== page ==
Risk appetite: Another factor is, of course, your risk appetite. Mid-cap funds tend to be volatile, and you shouldn’t allow large movements in NAV faze you. You have to understand that in a bear phase, shares of mid-cap companies can fall considerably. On the other hand, mid-cap companies tend to outperform during a bull phase. This is because they seek to capitalize on the opportunity to expand during good times, and also get credit and funds to grow.
Selecting the right fund: You may know what is a mid-cap fund, but there are dozens of companies offering mid-cap funds so you have to be careful while choosing the right one. Many well-established asset management companies offer these funds, so you can find one you can trust. Many websites have ratings of mutual fund offerings. By comparing ratings done by different sites, you can find a good one. Check for the returns offered over several years, and how the funds have performed during bullish periods (when mid-cap funds do especially well) and during bear phases (when they tend to go into a slump).
Expense ratio: Another factor you should be looking at is the expense ratio. This is the amount that the mutual fund charges you for managing your funds. There are significant differences in the amounts charged by different funds. Larger the expense ratio, lower your returns. So make sure that your fund charges a reasonable amount. Equity funds in India are allowed to charge 2.5% as expense ratio; some may charge as low as 1.5%.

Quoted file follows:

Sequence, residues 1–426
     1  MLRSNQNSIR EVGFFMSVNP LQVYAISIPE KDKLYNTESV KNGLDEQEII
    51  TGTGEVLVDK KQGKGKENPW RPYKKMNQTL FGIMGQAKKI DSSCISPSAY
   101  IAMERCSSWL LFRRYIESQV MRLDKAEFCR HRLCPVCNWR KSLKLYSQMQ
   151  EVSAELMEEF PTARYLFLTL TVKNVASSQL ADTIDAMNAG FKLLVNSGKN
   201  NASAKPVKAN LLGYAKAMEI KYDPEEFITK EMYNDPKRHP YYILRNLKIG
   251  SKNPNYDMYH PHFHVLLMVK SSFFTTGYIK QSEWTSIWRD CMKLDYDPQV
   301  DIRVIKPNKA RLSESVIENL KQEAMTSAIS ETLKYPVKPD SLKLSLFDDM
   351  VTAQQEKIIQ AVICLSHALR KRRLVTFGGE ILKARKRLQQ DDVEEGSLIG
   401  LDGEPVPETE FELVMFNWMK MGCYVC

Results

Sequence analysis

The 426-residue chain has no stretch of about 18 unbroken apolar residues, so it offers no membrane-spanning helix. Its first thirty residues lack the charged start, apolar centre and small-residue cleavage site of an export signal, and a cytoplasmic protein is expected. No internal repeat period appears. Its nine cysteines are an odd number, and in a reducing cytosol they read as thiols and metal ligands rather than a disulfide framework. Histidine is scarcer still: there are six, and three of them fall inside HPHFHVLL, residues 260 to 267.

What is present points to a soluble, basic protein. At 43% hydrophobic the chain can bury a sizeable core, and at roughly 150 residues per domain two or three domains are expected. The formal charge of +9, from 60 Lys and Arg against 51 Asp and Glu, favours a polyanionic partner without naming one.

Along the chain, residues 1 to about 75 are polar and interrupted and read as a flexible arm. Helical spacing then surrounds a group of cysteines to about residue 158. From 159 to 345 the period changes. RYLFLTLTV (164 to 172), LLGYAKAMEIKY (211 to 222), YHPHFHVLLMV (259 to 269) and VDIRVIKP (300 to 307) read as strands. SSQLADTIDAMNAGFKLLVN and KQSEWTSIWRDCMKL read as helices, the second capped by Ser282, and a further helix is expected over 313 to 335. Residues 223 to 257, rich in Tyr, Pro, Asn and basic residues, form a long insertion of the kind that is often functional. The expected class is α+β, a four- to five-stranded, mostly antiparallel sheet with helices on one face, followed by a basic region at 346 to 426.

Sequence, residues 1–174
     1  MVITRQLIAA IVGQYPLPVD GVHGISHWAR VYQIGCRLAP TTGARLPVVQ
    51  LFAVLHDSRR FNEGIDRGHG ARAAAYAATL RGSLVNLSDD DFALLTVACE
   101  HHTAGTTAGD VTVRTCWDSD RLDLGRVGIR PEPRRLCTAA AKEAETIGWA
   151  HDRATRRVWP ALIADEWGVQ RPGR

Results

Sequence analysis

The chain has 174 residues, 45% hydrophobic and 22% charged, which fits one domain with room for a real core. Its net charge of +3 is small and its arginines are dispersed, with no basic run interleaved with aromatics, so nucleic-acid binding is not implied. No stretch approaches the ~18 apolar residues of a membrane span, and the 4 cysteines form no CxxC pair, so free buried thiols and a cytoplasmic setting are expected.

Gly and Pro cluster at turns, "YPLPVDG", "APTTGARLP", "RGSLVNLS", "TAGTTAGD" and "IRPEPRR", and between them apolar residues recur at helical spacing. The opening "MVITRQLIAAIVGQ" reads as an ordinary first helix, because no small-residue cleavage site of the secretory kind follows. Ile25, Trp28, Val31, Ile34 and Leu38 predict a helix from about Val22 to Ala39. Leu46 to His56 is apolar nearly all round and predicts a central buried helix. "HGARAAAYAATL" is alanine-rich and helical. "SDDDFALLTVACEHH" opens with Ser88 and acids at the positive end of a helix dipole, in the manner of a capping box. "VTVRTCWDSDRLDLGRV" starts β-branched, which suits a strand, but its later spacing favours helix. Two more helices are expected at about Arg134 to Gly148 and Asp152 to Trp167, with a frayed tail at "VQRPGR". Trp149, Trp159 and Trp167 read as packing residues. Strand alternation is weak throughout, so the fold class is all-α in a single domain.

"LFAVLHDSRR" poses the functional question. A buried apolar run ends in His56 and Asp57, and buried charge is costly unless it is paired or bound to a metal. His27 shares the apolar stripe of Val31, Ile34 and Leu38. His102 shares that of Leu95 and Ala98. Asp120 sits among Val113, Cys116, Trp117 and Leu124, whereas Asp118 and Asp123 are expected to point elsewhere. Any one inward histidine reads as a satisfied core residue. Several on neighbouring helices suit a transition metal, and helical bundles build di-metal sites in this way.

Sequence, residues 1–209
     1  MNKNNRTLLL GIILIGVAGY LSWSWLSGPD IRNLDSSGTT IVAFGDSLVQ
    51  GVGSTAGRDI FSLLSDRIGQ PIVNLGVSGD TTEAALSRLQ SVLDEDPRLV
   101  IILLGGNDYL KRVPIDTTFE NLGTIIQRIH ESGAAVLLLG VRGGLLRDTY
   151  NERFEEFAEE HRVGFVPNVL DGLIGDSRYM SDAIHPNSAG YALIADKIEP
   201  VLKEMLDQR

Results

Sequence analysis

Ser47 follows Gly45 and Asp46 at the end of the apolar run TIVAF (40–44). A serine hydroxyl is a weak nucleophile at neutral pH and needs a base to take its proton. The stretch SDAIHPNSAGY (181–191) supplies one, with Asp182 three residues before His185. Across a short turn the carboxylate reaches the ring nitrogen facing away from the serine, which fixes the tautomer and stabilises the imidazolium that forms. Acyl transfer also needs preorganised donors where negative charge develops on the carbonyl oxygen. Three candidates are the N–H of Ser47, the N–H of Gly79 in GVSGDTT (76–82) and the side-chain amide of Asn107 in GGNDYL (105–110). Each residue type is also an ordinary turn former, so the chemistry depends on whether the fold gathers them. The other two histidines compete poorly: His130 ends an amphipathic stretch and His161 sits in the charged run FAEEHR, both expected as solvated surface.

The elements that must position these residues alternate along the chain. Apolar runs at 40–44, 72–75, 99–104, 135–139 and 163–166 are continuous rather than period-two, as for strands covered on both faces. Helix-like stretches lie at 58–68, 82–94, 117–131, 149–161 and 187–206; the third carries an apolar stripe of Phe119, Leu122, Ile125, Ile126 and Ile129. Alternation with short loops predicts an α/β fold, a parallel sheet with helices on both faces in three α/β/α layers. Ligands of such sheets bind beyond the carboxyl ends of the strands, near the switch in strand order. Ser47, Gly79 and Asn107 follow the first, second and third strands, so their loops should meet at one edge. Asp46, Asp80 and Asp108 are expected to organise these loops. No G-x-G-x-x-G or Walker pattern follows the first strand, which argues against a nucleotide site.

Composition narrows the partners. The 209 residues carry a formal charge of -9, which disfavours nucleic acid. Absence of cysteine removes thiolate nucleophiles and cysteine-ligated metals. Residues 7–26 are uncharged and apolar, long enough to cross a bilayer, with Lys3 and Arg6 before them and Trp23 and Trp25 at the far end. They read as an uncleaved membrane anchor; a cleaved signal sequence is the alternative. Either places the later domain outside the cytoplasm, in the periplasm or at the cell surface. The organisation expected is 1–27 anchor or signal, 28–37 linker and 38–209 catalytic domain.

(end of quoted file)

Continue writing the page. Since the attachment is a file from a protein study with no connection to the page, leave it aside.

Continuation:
Fund manager: The problem with many mid-cap companies is that they are under-researched and their potential is relatively unknown. This is where a good fund manager makes all the difference. He or she can separate the dross from the silver and ensure that you make great returns. Mutual fund companies offer a lot of information on their fund managers. Check out his or her track record and qualification before investing. Also, try to understand the investment philosophy behind the decisions. Avoid fund managers who constantly change their philosophy and follow trends. And as Warren Buffett said: “Never invest in a business you cannot understand”.
Realize the potential
Now that you have an understanding of what is a mid-cap fund, you must know that they can be an excellent investment if you are willing to wait out the troughs and sit tight for a minimum period of five years. There is a temptation among many investors to panic during a bear run and sell off funds; invest in mid-caps only if you are able to withstand the temptation. One thing you should remember about mid-cap companies is that in a growing economy, they have the potential to be giants. Businesses are evolving and companies are entering new fields of activity that hold enormous potential. A few decades ago, not many people had even heard of information technology. Today some of the largest companies in India are IT companies.
Large-cap companies too started off by being small-cap once. Today’s mid-caps could be tomorrow’s large-caps.
Having said that, a prudent investor would not put all his eggs in one basket. There should be room for a diversified basket of funds in your portfolio and include large-caps, mid-caps and small-caps as well. But if you’re a risk taker, go ahead and put them all in mid-caps, and small-caps.